AUSTIN, Texas--Game designers may be the professionals best suited to help humans find happiness in the future.
That was the thesis of world-famous alternate-reality game designerTuesday keynote address at South by Southwest Interactive (SXSWi) here.
McGonigal began her talk by looking at the idea that happiness is something scientists and sociologists are increasingly studying and that embedded in the mechanics of games may be the very things that people need to be happy. And quality of life will likely be a key consideration of many interactive media projects.
"Because positive psychology will be a principal, explicit influence on interactive design and development," McGonigal said, "we're also going to see communities forming around different visions of a real life worth living....We will see communities forming around different brands, platforms and visions....Value will be defined as a measurable increase in real happiness or well being. Well being becomes the new capital, something we can trade, and which might increase or decrease."
So designers might benefit from heeding and incorporating into their games what McGonigal defined as four distinct things that make humans happy: satisfying work, being good at something, spending time with people we like, and having the chance to be a part of something, she said.
"What just completely blew my mind was the realization that nothing in the whole world gives these four things in higher quality than games," McGonigal said. "Games give you satisfying work, (players can become very good at them), multiplayer games give you time spent with people you like and games give you the chance to be part of something bigger with their mythologies...I'm pretty sure that most of us in the game development business are in the happiness business."
A big part of the picture, McGonigal added later, is that games have the power to kill boredom, alienation, anxiety and depression.
"Games have a value as an aid to quality of life even greater and more direct than has hitherto been suspected," a slide from her presentation read. "The ordinary routine of playing a game is fatal to conditions of depression, existential angst, human suffering and other serious afflictions of real life."
One part of her keynote that many attendees were particularly taken with was a description of "ten strengths mapping ARGs against what scientists say is needed for happiness."
These were: "mobbability," an ability to collaborate and coordinate on really large scales; cooperation radar, the ability to decide who would be an ideal collaborator for any given mission; the ping quotient, which measures your ability to reach other people in a network, and your ability to respond to people reaching out to you; "influency," the ability to adapt someone's persuasive strategies to specific and distinct individuals since each community requires different motivations; "multicapitalism," an understanding that people are increasingly trading in new currency systems; "protovation," an understanding that failure can be fun because that's when people learn the most; open authorship, a comfort with giving content away and knowing it will be changed; signal/noise management, an element of games that is able to handle large amounts of "noise," and to be able to detect right away which data are relevant in the moment; "longbroading," an ability to think in much bigger systems, bigger cycles and bigger scales; and "emergensight," being able to spot patterns as they emerge and take advantage of them.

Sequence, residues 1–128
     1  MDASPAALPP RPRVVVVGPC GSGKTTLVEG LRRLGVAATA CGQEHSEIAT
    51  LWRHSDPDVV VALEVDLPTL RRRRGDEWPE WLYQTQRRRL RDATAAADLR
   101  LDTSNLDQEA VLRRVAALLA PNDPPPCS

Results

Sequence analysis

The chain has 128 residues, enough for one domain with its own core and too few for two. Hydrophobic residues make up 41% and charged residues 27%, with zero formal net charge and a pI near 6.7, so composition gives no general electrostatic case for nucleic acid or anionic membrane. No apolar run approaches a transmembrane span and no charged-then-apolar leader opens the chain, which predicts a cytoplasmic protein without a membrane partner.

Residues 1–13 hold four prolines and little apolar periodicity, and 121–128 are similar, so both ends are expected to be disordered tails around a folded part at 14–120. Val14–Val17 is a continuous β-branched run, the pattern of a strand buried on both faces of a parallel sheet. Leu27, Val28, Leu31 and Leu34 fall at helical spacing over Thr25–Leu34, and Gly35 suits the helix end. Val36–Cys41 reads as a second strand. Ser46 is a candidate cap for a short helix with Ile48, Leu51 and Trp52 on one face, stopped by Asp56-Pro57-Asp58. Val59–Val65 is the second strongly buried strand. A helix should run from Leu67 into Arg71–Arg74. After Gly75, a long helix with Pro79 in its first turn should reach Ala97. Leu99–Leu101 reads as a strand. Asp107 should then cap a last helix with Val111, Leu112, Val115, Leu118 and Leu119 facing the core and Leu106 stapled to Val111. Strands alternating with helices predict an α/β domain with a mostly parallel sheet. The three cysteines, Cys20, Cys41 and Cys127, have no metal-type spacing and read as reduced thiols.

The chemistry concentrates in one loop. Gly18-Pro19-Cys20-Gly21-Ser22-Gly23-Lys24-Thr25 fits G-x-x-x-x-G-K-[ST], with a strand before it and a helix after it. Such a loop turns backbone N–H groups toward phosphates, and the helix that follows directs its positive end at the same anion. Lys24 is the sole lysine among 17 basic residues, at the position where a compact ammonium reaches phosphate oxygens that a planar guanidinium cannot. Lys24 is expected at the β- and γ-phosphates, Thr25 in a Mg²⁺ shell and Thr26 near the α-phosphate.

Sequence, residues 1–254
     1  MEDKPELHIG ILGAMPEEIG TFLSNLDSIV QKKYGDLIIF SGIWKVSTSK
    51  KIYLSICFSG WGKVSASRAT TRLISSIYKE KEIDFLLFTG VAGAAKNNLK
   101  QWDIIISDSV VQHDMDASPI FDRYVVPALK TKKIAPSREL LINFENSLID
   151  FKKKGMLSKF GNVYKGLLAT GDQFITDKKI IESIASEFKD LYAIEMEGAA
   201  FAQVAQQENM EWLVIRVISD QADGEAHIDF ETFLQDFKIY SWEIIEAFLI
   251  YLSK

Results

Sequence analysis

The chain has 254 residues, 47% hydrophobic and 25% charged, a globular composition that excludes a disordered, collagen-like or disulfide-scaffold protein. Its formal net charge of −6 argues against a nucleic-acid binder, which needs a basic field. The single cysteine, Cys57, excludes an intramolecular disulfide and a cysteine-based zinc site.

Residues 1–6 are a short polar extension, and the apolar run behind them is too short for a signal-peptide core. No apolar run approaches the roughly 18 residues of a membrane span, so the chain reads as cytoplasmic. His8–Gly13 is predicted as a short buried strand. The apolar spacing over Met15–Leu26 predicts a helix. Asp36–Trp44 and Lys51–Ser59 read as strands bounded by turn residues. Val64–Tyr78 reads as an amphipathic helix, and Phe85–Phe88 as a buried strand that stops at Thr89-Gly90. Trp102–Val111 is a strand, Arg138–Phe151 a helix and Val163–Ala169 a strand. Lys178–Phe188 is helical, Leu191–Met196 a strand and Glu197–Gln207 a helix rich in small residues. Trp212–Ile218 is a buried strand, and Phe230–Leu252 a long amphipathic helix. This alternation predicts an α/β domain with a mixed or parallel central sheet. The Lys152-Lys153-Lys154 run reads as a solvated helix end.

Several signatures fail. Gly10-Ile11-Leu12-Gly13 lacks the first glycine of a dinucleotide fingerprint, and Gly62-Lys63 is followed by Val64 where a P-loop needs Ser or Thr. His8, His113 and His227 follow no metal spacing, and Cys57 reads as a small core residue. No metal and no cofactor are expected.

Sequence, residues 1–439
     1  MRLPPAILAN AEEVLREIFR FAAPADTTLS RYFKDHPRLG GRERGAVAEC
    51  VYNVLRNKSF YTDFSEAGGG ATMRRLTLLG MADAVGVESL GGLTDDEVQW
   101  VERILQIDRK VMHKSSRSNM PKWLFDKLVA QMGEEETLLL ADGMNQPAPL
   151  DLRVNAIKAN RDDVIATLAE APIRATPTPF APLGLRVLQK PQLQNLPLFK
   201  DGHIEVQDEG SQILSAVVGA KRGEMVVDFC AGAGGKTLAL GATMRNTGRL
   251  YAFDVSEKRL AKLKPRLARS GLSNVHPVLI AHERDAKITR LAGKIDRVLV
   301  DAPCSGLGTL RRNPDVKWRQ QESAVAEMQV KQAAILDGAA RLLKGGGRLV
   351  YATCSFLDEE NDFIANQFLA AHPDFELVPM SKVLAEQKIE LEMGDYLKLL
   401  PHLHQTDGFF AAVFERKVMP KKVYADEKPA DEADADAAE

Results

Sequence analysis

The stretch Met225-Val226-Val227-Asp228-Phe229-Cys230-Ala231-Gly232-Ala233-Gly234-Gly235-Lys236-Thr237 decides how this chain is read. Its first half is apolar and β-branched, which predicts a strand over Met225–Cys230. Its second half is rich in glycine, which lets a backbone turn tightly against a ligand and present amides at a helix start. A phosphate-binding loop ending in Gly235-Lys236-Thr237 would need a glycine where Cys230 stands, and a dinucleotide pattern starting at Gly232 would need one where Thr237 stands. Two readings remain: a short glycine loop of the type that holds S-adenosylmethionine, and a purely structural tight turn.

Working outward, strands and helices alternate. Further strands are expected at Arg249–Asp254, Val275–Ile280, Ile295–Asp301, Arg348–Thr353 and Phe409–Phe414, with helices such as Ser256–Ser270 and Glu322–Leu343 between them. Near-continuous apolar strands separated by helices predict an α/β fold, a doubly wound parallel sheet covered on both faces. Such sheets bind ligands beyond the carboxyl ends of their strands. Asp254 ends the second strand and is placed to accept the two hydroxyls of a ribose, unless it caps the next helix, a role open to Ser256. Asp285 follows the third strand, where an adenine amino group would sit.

McGonigal suggested that the next thing for game designers to do would be to look for systems that incorporate some of these ethos and others that allow users to seek happiness.
Based on her talk, McGonigal proposed several takeaways.
First, she said, most game designers will "soon be in the happiness business." She suggested that such designers spend some time reading many of the recent books on happiness science in order to prepare for when that science is in demand in the game industry.
Second, she said game designers have a head start on providing additional quality of life because that pursuit is built into virtual worlds and simulated environments.
And finally, she said alternate realities signal the desire, need and opportunity for people to redesign reality for a real quality of life.
"It's our responsibility to hear that signal," she said, "to say you're right and that life doesn't work as well as games. It's our job to fix" that.
See more stories in CNET News.com's coverage of SXSWi (click here).